The Hills Have Eyes (1977)
A cheap rip-off of The Texas Chainsaw Massacre with villains who are disgusting perverts that you want to see dead and main characters who act really stupid most of the time. By the end, it has no room for any moral questions, for a matter of life and death justifies anything.
The Hills Have Eyes (2006)
I can’t see any good reason to remake a bad movie changing the nature of the depraved villains but keeping all of those lame faults found in the original movie — especially characters who are irritatingly stupid and the only smart one being the dog.
The Hills of Disorder (2006)
Despite the amateurish editing (with an awful amount of dissolves), uneven cinematography and a messy beginning, this hugely absorbing combination of documentary and fiction observes more than it says and is elevated by the strength of what it shows and the reflection it provokes.
A hard watch and devastating examination of a horrible disaster and the revolting campaign carried out by those responsible to discredit the victims, and it shows in details the pain caused to the survivors and families of the victims as well as their efforts to seek justice.
Hiroshima Mon Amour (1955)
Making use of real footage of the horrors in Hiroshima, unparalleled editing with long dissolves and flashbacks to suggest obtrusive memories, two magnificent central performances and a lyrical dialogue by Marguerite Duras, Alain Resnais creates a sublime, unforgettable classic.
His Girl Friday (1940)
I guess the term “screwball” couldn’t be more well illustrated than by this laugh-out-loud comedy whose characters shoot their overlapping lines in an insanely frenetic rhythm, with Grant and Russell simply hilarious and displaying an enormous chemistry together.
The History of Eternity (2014)
With an outstanding cinematography and mise-en-scène, this gorgeous film has at least two scenes that are unforgettable in their sublime beauty, while narrative-wise it offers a delicate and deeply poetic story about people imprisoned in their own existences.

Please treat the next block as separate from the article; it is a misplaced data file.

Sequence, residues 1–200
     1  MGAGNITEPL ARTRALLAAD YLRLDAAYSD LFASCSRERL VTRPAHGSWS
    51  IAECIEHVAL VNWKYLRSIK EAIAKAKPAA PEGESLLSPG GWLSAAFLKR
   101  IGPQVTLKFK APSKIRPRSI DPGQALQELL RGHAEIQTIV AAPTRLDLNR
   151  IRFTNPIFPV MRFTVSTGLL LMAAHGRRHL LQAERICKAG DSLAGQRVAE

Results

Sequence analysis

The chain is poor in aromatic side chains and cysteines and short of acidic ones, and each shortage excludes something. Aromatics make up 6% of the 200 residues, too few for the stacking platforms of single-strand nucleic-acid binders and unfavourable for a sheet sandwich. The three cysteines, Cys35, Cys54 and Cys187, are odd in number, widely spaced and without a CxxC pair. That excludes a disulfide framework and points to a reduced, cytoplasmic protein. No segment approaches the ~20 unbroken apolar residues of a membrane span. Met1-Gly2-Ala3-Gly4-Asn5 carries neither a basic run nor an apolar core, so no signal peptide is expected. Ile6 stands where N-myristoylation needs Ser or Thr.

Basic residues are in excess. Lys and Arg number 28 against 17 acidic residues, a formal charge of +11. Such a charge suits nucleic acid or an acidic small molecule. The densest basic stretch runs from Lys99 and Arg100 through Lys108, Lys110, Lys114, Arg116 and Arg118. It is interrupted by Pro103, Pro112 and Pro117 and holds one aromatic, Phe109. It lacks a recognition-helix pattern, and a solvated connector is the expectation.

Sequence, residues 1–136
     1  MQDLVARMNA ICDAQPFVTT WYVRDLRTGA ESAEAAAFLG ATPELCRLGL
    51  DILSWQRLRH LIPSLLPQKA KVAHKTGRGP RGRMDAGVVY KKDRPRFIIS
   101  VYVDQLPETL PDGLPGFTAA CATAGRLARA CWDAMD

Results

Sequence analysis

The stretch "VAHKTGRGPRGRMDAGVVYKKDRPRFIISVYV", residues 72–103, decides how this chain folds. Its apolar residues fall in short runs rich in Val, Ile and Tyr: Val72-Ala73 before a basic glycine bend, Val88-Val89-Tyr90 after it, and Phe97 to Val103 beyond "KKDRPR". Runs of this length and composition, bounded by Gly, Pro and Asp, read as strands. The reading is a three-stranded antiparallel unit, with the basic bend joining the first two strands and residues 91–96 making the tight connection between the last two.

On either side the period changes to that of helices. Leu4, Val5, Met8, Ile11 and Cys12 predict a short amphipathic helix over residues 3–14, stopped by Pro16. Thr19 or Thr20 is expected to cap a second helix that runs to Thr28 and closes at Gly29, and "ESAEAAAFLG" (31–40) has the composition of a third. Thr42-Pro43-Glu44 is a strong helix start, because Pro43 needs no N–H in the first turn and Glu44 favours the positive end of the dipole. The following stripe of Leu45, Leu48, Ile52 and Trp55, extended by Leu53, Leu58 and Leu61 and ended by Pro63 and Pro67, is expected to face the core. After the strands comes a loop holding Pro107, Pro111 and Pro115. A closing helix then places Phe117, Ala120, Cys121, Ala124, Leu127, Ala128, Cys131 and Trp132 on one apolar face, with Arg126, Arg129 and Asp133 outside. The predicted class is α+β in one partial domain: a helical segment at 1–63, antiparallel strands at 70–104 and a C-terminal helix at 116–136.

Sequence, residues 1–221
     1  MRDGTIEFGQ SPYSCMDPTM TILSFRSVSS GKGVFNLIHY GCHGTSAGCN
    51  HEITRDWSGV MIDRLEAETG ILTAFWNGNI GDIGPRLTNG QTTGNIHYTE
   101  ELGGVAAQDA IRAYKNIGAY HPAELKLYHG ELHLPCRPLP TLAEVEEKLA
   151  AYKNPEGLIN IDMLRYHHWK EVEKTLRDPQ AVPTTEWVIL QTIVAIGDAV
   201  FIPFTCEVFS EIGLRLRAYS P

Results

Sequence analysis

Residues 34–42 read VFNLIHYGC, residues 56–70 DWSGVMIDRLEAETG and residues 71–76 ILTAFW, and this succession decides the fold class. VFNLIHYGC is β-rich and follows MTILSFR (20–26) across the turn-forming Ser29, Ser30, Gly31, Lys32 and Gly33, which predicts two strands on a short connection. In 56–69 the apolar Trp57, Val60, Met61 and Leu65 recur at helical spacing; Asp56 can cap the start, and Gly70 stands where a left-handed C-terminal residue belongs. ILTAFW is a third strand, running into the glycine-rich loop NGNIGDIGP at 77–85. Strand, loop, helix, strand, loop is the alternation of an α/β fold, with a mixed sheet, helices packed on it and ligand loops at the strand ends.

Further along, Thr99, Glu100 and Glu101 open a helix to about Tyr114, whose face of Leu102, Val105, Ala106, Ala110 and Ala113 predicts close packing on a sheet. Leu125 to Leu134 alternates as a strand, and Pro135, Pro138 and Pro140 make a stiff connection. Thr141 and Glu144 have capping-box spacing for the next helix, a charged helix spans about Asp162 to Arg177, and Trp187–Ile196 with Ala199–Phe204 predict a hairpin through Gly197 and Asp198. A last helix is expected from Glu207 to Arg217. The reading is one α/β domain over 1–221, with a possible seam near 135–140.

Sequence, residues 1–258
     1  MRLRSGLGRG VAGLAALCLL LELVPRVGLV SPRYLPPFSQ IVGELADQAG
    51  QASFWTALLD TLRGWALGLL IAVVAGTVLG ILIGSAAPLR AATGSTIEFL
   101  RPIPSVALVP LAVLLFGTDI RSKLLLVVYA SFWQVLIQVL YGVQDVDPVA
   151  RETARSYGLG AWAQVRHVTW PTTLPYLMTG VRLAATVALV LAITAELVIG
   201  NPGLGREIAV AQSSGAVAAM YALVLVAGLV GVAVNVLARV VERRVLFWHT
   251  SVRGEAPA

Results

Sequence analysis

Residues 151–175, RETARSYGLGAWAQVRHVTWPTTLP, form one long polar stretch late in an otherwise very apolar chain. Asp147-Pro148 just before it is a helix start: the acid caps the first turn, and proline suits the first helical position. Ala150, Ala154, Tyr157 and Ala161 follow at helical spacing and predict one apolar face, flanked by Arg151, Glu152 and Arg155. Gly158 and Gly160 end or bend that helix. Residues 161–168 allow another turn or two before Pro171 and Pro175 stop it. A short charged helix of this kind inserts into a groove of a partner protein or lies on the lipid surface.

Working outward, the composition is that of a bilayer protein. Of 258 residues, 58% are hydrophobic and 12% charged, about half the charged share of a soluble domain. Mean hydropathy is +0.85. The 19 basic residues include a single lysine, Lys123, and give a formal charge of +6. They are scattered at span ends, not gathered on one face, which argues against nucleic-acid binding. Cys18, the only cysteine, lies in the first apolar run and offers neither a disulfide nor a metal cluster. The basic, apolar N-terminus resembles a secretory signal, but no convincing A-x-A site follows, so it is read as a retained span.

It is sad to see a talented actor like Will Smith wasted in such an idiotic romantic comedy — a movie that is silly and implausible, full of clichés, ridiculous situations, unfunny gags, painful dialogue and with an extremely corny and embarrassing ending.
Bearing no resemblance to the real Hitchcock, Hopkins seems like a caricature in a biopic that is only intriguing when it shows the production of Psycho but never when it focuses on his personal life — where marital conflicts and an imaginary Ed Gein are sadly contrived.
What could have been a more perceptive discussion about Truffaut’s seminal book turns out to be frustratingly superficial instead, moving quickly from one topic to the next without much sense of focus and not managing to offer much insight beyond the most reverential obvious.
The commercial purpose is obvious when such a short and light book is split into three films in a clear attempt to recreate the epic greatness of The Lord of the Rings. So, the tone seems a bit irregular (with nothing really urgent) but the story manages to be fluid and entertaining.
Jackson continues to stretch this paper-thin story to a very massive length that never really justifies such measure, and its splitting into parallel plots dilutes some of its focus while the excessive use of dei ex machinis reduces the urgency it so desperately aims for.
It is all payoff (a very long one by the way) and no setup, and even if it is nice to look at and gets moderately exciting towards the end, it is cold and forgettable just like the previous films and shows (again) that it all should have been made into one (or two) film(s) only.
Hold Back (2012)
With a naturalistic approach that makes use of grainy visuals and an appropriate handheld camera, this urban drama makes a statement against intolerance and hypocrisy even though it resorts to some cheap narrative tricks and is not really sure how to end.
Holding the Man (2015)
The jumps in time can be a bit distracting (even though I understand the point and it makes sense for the film to be structured like that), but this is a very sad, tragic story told in a very honest way and with excellent performances by Ryan Corr, Craig Stott and Anthony LaPaglia.
The Hole (1998)
The musical numbers don’t always fit organically within the story, but Tsai’s bleak idea of a post-apocalyptic Taiwan under constant rain and in maximum literal isolation is a powerful one as he pictures modern disconnected people turning into cockroaches in the middle of garbage.
Ahead of its time, this romantic comedy suggests that happiness may be found in freedom, away from the pernicious wealth of high society — but it is also a bit naive, reducing the complexity of its themes to matters of right and wrong while ending with an easy, predictable resolution.
The Holiday (2006)
Cameron Diaz and Jack Black are completely miscast in this interminable movie that only proves (again) what an awful writer and director Nancy Meyers is, incapable of defining the tone of her story and coming up with only lame characters, crappy lines and ludicrous situations.
The Holy Girl (2004)